Network Regulation: The Many Faces of Access
Daniel F. Spulber
Northwestern University - Kellogg School of Management
Christopher S. Yoo
University of Pennsylvania Law School; University of Pennsylvania - Annenberg School for Communication; University of Pennsylvania - School of Engineering and Applied Science
June 8, 2005
Vanderbilt Public Law Research Paper No. 05-19; Vanderbilt Law & Economics Research Paper No. 05-15; Northwestern Law & Econ Research Paper No. 05-16
Telecommunications regulation has experienced a fundamental shift from rate regulation to increased reliance on compelled access. Of particular note, the Telecommunications Act of 1996 imposed no fewer than four access requirements. Unfortunately, each access requirement is governed by a separate set of rules for determining both the scope and the price of access. The resulting ad hoc regime has created difficult definitional problems and opportunities for regulatory arbitrage. What is needed is a system capable of integrating all of the different forms of access into a single analytical framework. Professors Spulber and Yoo propose just such a system inspired by the discipline of mathematics known as graph theory. They set forth a system for classifying different access regimes into five categories: (1) retail access, (2) wholesale access, (3) interconnection access, (4) platform access, and (5) unbundled access. They then describe the effect of each type of access on network capacity and configuration. Specifically, they show how each type of access further complicates the already difficult problems of network management and examine how mandated access introduces inefficient biases into decisions about network capacity and design. The discussion also considers the transaction cost implications of the different types of access. Building on the Coasean theory of the firm, the authors present a theory of network boundaries. Firms establish networks based on the tradeoffs between internal governance costs and the external transaction costs of providing access. They conclude by considering the effects of regulation on the boundaries of networks and examining the likelihood that private ordering through markets will lead to efficient network design.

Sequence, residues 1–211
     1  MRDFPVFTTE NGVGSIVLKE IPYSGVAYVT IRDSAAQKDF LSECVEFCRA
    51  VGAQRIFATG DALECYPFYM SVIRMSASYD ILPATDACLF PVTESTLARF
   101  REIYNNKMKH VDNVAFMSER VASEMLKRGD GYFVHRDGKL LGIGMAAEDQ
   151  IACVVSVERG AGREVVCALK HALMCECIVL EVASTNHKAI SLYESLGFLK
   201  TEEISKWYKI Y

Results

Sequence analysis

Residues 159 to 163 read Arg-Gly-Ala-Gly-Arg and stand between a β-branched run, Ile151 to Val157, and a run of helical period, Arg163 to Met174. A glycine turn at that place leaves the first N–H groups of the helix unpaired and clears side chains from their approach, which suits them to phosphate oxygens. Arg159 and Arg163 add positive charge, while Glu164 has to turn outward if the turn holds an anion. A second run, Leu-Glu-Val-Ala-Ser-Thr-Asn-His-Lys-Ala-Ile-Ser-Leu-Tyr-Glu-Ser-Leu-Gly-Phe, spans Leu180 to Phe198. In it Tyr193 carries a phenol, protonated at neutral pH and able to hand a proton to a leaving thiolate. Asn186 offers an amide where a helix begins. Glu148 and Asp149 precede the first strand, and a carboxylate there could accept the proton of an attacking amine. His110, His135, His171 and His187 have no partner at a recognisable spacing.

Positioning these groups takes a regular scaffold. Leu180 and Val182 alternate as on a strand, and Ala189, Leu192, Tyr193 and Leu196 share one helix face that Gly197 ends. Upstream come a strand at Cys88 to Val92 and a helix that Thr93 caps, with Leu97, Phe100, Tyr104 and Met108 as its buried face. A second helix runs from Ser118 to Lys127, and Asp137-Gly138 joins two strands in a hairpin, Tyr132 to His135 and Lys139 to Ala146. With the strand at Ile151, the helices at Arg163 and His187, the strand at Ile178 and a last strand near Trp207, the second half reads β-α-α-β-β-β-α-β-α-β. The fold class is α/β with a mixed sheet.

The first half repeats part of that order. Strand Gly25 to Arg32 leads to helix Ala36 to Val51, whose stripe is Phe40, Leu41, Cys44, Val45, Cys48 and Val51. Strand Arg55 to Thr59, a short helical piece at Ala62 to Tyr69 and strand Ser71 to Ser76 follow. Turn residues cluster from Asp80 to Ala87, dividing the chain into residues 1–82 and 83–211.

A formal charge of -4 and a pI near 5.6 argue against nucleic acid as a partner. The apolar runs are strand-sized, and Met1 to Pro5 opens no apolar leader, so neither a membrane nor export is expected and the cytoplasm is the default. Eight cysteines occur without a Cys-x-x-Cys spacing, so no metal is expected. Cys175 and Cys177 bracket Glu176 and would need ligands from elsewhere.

Number of Pages in PDF File: 70
Keywords: network regulation, telecommunicationsworking papers series
Date posted: June 11, 2005
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